A Ballymena woman who was diagnosed with a rare form of cancer just prior to lockdown has decided to give something back to charity by designing and crafting a variety of bespoke wooden items and gifts.
Joanne Lennox has been selling the products, including bird feeders, Christmas trees, plaques, and lanterns in aid of Action Cancer NI.
The items have been in high demand in the run up to Christmas and so far Joanne has raised over £700 for the charity.
Joanne discovered in February of this year that she had a rare carcinoid tumour on her left lung and attached to her windpipe.
The 46-year-old is waiting for an operation to remove her left lung but disappointingly she learned that it will be delayed for four months due to Covid 19.
Joanne, who lives in Cullybackey with her husband and twin daughters, explained: “I took a chest infection last September and was told I had to go for an emergency CT scan because it was very rumbly. They phoned me back an hour later and said they had seen something.”
Joanne, who is a keen sportswoman and coaches netball, continued: “I didn't feel that sick at the time so I continued to play sports and netball. I played a match the following week but I still had the cough and when I came home from the match I began to cough up blood.
“Although I contacted Dalriada on call I still didn't feel that sick so I went to bed but when I got up the next day it was worse so I went to A&E.
“I was admitted to hospital because my lung collapsed and I couldn't breath. I was told I had a carcinoid tumour which is very rare on my left lung and attached to my windpipe.”
Throughout lockdown Joanne regularly attended the Royal Victoria Hospital in Belfast for treatment.
She said: “I started my chemo and laser surgery and I seemed to spend the whole of lockdown between the Royal and my bed.
“In November the consultant told me they had lasered enough of the windpipe to do me over Christmas as they had to free up the hospital due to Covid.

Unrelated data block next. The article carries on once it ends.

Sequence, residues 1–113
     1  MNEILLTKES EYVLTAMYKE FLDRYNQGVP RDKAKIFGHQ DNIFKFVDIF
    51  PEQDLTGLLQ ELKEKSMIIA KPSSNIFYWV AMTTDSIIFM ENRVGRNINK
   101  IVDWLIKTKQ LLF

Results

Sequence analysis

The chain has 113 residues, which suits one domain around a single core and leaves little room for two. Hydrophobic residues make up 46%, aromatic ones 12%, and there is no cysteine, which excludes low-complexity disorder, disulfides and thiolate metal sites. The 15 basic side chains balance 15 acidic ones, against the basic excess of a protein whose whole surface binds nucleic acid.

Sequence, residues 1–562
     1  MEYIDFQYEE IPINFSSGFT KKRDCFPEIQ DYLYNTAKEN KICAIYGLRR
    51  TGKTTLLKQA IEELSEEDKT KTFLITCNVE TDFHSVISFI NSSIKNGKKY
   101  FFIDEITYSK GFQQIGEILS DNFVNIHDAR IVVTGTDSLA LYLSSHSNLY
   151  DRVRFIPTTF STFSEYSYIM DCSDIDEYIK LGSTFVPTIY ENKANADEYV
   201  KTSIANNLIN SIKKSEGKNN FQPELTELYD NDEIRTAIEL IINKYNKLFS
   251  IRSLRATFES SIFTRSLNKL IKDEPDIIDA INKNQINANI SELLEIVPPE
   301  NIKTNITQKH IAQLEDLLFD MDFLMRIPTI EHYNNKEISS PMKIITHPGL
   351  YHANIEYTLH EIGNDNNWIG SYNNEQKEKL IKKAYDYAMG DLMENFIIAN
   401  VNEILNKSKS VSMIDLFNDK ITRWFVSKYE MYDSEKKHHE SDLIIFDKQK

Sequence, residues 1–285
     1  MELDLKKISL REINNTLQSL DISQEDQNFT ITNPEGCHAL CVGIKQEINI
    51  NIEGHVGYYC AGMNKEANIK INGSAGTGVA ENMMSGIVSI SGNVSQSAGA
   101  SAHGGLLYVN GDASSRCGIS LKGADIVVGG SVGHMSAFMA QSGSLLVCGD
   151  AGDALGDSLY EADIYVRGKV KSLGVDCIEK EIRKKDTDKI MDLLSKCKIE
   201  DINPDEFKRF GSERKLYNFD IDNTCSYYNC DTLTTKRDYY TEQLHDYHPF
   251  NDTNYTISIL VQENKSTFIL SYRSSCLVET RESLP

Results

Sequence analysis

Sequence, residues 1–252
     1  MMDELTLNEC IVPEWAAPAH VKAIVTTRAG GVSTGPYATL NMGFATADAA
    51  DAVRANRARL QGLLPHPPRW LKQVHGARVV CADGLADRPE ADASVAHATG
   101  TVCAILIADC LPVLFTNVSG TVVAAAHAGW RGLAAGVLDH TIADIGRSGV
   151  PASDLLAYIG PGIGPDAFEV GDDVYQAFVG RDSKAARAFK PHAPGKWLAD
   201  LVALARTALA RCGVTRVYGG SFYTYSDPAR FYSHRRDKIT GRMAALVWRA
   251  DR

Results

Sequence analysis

“I need an operation to remove a quarter of my windpipe and my left lung with everything being bypassed and directed into my right lung. Once I get the operation the tumour should hopefully be taken all away.”
Unfortunately Joanne received news that her operation has been delayed.
She said: “I was built up for the operation both physically and mentally. After I was told I went into a depression because they said it would be four months.
“I have two or three good days but then the rest are bad and at times I am so ill I have to stay in bed. One minute you are doing 110 miles an hour and then everything just stops.
“But I am very lucky to have the support of my daughters and husband as I know the situation is very hard on them too.”
Joanne decided to focus on trying to give something back Action Cancer NI and with the help of her father in law, Raymond Lennox, has been creating bespoke wooden planters, bird feeders, Christmas tress and Christmas plaques.
The items are being sold at Blossom and Birch, Broughshane Street in Ballymena, which has hosted a number of events in aid of charity, one of which included a gallery night featuring art work by David McAneaney who also works at the florists.
Joanne commented: “Between Raymond and myself we have been making a range of items and there has been a big demand for them. It has been good for us both as it has kept us busy and focused.
“It is something to keep your mind off things and it keeps us going.”
Despite the impending lockdown Joanne and Raymond hope to continue their fundraising efforts and anyone who is interested in purchasing an item can contact Joanne via her facebook page.